Turnout increases were leveraged face-to-face and conversation-by-conversation -- between Together Louisiana leaders and citizens who don't always vote -- with extraordinary results.
[Photo Credit: (left) Bill Feig, The Advocate]
Turnout Increase Map, Together Louisiana
The city-parish’s efforts to address food deserts in north Baton Rouge and other parts of the city has reached what Mayor-President Sharon Weston Broome called a major milestone through the launch of the Healthy Food Retail Initiative...to provide incentives to grocers to set up shop in some of the city-parish’s underserved communities.
Broome was joined by an array of community partners during the announcement Tuesday, one being Together Baton Rouge, which has been working to bring more affordable, healthier food options to parts of the city where grocery stores are scarce.
Edgar Cage, a spokesman affiliated with the faith-based organization, said 23% of the parish’s population live in areas with little choice for healthy food. The national average is 7%, he said.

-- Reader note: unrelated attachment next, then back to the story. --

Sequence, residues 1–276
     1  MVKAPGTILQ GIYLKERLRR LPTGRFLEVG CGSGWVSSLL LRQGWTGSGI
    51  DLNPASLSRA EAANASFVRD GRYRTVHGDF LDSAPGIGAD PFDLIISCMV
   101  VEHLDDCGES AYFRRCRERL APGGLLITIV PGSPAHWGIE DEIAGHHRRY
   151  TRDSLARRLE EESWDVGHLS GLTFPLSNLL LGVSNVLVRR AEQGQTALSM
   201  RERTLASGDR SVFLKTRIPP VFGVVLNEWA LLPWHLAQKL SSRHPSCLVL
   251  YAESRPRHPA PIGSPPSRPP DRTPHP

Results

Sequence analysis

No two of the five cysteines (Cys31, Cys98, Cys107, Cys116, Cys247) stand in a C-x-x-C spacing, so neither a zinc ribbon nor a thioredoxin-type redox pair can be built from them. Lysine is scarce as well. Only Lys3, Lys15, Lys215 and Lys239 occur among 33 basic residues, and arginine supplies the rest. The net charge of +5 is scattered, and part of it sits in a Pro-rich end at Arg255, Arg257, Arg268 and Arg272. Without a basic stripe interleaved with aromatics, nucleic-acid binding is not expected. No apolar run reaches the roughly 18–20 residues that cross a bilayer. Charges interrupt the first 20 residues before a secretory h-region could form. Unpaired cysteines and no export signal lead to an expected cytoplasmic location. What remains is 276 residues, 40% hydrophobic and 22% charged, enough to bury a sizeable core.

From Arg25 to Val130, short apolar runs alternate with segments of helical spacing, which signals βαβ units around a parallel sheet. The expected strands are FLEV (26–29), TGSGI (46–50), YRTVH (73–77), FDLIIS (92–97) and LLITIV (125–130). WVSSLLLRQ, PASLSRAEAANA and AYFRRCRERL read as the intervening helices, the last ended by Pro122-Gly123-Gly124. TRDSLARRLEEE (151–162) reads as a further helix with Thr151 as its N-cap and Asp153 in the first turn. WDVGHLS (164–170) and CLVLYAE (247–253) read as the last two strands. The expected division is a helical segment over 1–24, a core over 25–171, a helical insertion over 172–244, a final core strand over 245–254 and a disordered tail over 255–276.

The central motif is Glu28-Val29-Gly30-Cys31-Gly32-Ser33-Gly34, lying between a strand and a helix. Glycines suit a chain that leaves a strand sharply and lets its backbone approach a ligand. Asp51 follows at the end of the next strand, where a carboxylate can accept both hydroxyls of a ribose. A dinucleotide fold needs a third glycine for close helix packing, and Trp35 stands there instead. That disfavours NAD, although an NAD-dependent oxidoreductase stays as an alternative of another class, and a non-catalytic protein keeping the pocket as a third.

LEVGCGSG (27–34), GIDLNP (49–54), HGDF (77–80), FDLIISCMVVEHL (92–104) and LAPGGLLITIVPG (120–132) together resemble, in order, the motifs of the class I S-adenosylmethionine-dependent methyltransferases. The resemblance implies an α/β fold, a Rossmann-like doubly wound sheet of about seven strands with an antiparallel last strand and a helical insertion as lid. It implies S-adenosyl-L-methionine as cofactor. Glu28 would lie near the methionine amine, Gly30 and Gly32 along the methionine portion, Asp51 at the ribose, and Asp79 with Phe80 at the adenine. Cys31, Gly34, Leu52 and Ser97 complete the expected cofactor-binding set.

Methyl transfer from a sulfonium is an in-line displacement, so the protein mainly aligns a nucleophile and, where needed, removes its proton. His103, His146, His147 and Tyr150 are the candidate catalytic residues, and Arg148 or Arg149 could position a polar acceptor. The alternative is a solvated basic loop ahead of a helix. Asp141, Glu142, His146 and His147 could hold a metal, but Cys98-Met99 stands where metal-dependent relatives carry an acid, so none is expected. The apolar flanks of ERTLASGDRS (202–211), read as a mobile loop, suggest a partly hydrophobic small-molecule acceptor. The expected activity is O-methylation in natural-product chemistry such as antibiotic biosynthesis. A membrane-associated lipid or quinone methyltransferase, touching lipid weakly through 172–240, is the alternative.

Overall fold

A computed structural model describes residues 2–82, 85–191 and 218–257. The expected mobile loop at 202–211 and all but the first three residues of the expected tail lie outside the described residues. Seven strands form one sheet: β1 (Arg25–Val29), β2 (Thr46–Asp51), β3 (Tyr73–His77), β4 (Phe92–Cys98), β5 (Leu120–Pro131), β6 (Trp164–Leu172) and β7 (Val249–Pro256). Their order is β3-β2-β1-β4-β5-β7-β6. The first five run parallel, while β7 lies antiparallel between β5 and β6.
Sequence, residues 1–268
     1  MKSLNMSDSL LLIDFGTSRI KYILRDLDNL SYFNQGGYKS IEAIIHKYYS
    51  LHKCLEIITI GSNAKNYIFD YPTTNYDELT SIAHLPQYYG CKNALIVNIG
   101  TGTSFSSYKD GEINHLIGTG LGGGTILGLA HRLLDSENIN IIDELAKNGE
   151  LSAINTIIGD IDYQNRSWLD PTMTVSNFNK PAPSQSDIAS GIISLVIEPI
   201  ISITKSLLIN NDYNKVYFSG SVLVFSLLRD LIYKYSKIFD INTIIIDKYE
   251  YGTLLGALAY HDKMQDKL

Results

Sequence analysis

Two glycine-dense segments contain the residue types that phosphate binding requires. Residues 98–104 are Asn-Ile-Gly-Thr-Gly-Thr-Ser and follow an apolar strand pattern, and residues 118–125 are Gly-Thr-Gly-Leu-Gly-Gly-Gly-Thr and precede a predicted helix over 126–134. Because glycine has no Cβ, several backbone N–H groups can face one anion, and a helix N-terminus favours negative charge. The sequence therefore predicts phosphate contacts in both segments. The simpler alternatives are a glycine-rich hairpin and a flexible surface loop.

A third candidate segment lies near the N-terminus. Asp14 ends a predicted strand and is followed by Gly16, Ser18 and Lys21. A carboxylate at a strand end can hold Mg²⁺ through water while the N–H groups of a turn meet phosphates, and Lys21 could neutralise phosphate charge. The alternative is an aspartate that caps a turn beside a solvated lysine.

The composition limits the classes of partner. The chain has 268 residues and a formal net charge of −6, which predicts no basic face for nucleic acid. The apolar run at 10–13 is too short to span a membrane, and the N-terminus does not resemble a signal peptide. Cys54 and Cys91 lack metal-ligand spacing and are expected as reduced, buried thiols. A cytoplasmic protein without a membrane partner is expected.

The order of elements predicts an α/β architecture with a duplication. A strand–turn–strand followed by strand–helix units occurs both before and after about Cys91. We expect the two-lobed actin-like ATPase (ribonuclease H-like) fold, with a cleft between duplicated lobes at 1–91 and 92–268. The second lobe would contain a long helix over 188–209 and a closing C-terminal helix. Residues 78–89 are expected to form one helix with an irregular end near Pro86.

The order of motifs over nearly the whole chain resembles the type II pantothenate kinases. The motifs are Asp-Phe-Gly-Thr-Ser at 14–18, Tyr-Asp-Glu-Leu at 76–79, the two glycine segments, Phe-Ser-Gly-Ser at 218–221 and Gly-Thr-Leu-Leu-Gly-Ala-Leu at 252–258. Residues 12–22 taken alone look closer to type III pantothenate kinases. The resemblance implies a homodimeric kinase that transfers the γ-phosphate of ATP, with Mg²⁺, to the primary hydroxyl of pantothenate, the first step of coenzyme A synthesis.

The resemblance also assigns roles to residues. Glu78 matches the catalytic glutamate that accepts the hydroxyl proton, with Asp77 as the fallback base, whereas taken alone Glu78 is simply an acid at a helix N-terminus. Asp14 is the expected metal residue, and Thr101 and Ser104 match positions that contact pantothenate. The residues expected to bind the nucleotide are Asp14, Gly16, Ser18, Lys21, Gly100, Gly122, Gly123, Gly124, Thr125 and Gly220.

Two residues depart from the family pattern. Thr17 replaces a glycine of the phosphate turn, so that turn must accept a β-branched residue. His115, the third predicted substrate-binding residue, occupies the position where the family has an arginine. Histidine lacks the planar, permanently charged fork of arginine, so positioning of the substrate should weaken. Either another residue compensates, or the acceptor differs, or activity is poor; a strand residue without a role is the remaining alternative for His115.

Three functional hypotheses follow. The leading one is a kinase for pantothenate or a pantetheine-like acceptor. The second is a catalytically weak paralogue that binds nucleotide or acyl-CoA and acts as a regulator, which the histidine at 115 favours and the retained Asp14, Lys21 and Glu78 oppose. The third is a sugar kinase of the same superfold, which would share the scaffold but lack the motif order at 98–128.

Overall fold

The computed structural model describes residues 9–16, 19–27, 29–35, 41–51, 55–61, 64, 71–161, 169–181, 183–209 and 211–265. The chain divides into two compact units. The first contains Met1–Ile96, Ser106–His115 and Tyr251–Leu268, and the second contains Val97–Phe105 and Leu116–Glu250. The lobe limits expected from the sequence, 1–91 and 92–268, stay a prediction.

Together Baton Rouge claims the most vulnerable residents affected by the parish’s food deserts are 19,000 children and 7,000 seniors.
“Early on we knew there needs to be infrastructure created to make things happen,” Cage said.
[Photo Credit: Bill Feig, The Advocate]
When the recent gubernatorial campaign yielded a reduced voter turnout of only 46% -- and no clear winner -- clergy from Together Louisiana grew concerned, particularly when they learned that turnout from low income and predominantly minority neighborhoods was 17% lower than in 2016.